A Malayan Tapir was born at Antwerp Zoo on October 7th!
This is the second baby for mom, Nakal. After thirteen months of pregnancy, the birth went very quickly and smoothly. The young calf is doing well and has been running around a lot. This is the seventh young Tapir for Antwerp, and with a little luck, patrons can catch a glimpse of the newest member.
At birth, the brand new baby weighed about 9 kg (35 times less than his parents). Mother and baby have been spending lots of bonding time in the safety of their nesting house with a large window. Wherever mom goes, her little one is not far behind. The young calf’s father is the late Kamal. According to Antwerp Zoo, Kamal died unexpectedly two months ago.
The little ones sex is still unknown; but once it is revealed, keepers are planning to compile a list of their top three choices for a name and allow fans to vote via the Zoo’s Facebook page: https://www.facebook.com/zooantwerpen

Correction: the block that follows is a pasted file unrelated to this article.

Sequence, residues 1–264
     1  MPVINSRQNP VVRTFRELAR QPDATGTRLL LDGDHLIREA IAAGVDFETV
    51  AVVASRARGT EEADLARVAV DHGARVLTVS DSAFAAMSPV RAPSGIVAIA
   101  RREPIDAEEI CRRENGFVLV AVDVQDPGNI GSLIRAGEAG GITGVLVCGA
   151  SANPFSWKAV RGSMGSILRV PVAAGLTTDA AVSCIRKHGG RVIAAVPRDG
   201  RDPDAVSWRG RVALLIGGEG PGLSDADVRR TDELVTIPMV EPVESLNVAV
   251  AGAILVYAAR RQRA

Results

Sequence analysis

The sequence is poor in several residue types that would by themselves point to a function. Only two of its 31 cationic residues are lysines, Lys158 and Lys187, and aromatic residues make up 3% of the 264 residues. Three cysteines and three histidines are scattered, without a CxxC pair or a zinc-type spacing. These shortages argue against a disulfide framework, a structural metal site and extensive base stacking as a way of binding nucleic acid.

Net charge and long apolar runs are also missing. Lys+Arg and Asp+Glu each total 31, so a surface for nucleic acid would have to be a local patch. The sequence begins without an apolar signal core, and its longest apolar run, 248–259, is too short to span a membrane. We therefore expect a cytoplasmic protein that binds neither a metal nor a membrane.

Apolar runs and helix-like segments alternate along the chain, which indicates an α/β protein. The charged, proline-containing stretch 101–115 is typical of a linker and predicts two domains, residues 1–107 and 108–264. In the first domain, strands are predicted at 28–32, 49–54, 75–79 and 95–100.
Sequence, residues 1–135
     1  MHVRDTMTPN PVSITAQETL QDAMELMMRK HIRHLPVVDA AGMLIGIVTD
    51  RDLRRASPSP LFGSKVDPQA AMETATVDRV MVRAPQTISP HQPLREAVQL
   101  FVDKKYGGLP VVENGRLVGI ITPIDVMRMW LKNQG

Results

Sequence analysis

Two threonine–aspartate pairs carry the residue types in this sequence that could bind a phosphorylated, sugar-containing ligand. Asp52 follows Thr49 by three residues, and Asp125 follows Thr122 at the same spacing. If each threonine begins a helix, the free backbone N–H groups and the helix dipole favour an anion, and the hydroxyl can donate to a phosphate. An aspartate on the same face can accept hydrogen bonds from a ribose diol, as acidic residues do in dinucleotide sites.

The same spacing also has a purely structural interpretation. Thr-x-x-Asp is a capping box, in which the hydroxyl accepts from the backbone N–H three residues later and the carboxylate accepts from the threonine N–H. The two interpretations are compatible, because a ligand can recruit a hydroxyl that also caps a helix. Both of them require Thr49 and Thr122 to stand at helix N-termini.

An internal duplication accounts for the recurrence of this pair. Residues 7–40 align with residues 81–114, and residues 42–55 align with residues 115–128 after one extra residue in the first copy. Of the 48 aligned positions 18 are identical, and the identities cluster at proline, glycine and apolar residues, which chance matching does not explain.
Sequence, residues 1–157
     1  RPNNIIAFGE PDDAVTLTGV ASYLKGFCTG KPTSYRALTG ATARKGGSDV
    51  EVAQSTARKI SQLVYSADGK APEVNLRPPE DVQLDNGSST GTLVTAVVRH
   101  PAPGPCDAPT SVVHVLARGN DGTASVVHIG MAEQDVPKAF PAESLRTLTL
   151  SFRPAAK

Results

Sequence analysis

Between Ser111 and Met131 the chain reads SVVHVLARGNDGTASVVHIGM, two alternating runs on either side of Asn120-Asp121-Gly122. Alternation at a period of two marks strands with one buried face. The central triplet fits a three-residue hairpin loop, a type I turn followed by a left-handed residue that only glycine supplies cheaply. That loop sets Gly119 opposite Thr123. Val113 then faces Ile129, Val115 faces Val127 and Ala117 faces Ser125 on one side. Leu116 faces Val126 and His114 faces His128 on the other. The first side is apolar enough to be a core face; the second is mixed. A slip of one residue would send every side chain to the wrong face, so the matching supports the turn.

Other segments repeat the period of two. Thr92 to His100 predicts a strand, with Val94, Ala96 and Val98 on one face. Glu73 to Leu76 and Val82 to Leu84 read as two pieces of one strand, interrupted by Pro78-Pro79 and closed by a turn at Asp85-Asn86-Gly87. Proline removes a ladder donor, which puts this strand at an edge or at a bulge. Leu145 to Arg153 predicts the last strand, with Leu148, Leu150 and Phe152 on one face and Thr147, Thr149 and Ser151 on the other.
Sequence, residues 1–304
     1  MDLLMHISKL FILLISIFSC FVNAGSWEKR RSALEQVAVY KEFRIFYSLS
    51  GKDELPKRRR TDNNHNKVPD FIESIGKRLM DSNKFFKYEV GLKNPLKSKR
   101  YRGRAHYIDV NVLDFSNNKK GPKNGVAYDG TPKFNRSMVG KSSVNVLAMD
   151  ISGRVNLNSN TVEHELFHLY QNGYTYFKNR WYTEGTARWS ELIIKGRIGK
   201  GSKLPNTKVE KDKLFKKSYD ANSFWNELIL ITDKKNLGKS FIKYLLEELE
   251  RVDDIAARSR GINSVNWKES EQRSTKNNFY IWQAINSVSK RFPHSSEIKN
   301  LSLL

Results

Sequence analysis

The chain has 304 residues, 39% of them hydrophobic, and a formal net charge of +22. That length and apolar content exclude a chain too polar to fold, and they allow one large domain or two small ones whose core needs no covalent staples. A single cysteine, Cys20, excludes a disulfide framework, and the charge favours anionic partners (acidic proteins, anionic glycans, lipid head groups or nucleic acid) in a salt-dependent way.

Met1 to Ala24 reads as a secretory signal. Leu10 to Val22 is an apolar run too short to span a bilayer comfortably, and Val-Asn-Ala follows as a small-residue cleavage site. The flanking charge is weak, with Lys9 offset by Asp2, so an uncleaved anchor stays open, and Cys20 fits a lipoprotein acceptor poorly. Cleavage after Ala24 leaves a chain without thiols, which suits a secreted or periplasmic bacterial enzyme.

The Malayan Tapir (Tapirus indicus), also known as the Asian Tapir, is the largest of four Tapir species and is the only Old World Tapir. They are native to the rainforests of Burma, Malaysia, Sumatra and Thailand. Their noses and upper lips are extended to form a prehensile proboscis, which they use to grab leaves. Tapirs normally measure 1.8 to 2.5m (6 to 8 feet) in length, with a shoulder height of 0.9 to 1.1m. (3 to 3.5 feet).
The animals are related to both the Horse and the Rhinoceros. They are an ‘odd-toed’ animal, having four toes on each front foot and three toes on each back foot.
Malayan Tapirs also have poor eyesight, which makes them rely heavily on their excellent senses of smell and hearing.
They are also known for their unusual courtship ritual, which involves an assortment of wheezing and whistling sounds. They will sniff each other, walking around in circles before mating. Females have a long gestation period of 13 months before giving birth to a single calf.
Listed as “Endangered” on the IUCN Red List, the Malayan Tapir is increasingly threatened, with population numbers continuing to decline as a result of habitat loss and fragmentation, as well as increasing hunting pressure. The population has been estimated to have declined by more than 50% in the last three generations (36 years) primarily as a result of Tapir habitat being converted into palm oil plantations. They are also threatened by increased hunting for their fur, road-kills and trapping in snares left for other animals.